Below is a sampling of our favourites from various locations around the Retreat over the years. As you can see, the two-legged creatures of James River can be a curious lot while the four-legged creatures remain somewhat more aloof. If that leaves you wanting more, check out this recent article from the Calgary Herald. It gives a shoutout to the Crittercams of James River but also features some truly spectacular wildlife photos gathered on another quarter section an hour to the south of us. On second thought, maybe it’s better if we don’t always know what’s out there wandering the trails!
This article originally ran in the Summer 2005 issue of the James River News, a newsletter produced by the JRR Condo Association from 2005-2009.
The James River Retreat is home to a wonderful variety of wildlife, human and otherwise. Sightings over the years include black bears, beavers, coyotes, red foxes, deer, moose, elk, wolves and even a domestic black cat that, from a distance, had us stumped for a time. Not all animals at James River like to be seen and the fresh mud along the river bank is a great place to look for signs of our more furtive neighbours.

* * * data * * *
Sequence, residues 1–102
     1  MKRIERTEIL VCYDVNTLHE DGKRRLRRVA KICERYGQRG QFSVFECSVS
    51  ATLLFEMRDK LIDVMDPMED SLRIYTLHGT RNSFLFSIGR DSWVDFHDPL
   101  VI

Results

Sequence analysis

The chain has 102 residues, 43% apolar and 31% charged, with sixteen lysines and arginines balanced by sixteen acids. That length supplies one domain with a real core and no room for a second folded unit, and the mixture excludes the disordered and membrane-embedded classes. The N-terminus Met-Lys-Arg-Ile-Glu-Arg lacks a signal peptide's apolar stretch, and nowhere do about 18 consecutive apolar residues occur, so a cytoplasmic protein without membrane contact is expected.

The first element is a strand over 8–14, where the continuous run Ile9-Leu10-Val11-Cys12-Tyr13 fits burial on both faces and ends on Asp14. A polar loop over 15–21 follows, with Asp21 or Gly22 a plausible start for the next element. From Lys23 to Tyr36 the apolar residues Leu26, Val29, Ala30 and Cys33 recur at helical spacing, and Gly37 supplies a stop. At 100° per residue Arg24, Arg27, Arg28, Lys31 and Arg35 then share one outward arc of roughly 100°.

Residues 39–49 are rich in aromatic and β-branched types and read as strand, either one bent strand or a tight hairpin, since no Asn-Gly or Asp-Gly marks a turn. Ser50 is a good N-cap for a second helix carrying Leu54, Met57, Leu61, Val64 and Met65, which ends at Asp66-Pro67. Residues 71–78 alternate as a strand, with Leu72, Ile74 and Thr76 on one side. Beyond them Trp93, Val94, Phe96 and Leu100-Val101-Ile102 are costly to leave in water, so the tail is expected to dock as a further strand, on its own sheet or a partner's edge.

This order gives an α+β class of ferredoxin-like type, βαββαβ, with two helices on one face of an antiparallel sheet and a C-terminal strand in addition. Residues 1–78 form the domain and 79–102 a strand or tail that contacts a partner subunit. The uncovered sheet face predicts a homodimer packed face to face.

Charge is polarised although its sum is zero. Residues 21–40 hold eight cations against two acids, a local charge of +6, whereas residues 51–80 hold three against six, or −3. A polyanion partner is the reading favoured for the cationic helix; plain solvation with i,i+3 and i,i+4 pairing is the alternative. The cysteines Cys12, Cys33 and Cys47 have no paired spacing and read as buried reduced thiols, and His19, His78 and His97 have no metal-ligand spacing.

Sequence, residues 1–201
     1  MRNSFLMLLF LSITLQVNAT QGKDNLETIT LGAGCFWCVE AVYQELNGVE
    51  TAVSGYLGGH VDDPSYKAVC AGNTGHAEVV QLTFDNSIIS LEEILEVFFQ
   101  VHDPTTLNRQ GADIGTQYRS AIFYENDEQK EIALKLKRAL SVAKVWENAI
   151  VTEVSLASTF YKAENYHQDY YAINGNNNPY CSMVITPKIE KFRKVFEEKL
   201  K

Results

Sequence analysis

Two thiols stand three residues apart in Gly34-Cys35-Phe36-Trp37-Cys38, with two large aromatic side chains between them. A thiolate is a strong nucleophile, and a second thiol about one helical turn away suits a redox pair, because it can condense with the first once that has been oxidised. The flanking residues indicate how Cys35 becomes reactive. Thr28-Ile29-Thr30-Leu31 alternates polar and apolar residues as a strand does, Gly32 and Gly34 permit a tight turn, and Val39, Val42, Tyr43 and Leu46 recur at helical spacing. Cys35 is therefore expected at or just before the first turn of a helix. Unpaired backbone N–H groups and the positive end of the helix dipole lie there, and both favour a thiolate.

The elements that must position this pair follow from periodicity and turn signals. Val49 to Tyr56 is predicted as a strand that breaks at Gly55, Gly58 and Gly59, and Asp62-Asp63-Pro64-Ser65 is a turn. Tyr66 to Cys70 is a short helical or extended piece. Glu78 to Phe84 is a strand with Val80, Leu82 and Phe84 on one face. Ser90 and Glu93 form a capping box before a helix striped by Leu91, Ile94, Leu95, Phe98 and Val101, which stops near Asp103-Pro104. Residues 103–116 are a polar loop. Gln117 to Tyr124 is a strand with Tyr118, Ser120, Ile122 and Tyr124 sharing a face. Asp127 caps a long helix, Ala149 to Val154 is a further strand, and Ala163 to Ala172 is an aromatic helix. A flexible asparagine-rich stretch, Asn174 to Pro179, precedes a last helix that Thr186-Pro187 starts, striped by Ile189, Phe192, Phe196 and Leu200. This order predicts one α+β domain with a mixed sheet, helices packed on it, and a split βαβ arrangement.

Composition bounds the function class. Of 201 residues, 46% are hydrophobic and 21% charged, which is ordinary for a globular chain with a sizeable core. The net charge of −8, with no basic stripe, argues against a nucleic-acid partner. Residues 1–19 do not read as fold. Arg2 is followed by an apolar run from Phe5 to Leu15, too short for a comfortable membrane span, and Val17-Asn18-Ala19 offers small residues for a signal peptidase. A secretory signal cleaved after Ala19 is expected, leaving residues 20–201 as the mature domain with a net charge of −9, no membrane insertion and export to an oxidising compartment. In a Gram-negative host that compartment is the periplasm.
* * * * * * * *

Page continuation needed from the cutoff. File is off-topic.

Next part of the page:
We recently came across the track pictured below a short distance upriver from the bridge. We immediately set about trying to figure out what animal left it behind. It’s trickier than you might think. The size of the track – slightly less than 10cm long – seemed right for a large dog, large coyote or small wolf. But members of the dog family usually leave claw marks, especially in soft mud like this. Members of the cat family have retractable claws that rarely register in the tracks they leave behind. Could this track have been left by a cougar, lynx or bobcat?
We went to a favourite website – Beartracker’s Animal Tracks Den – to help us solve the mystery. This website contains a wealth of information on animal tracks of all kinds and features an article on how to tell the difference between feline and canine tracks. We think this track was made by a cat – perhaps a small cougar – and there are three things we looked at that helped us to decide:
Looks like we may have a new neighbour, folks. Check out the tracking website some time and see if you agree. Maybe one day if we’re lucky, we’ll be able to add “cougar” to our list of animal sightings. From a safe distance, of course!
There have been multiple cougar sightings nearby and inside the Retreat since this article first appeared, including the one pictured below. The youngster was photographed by Liz and Bob Moore on the riverbank below their place last summer.
Photo: Liz and Bob Moore
For more information on safe recreation in cougar country and signs that a cougar is in the area, visit Alberta Environment and Sustainable Resource Development’s webpage Recreation in Cougar Country or download Alberta Park’s Preventing Conflict with Wildlife: Cougars.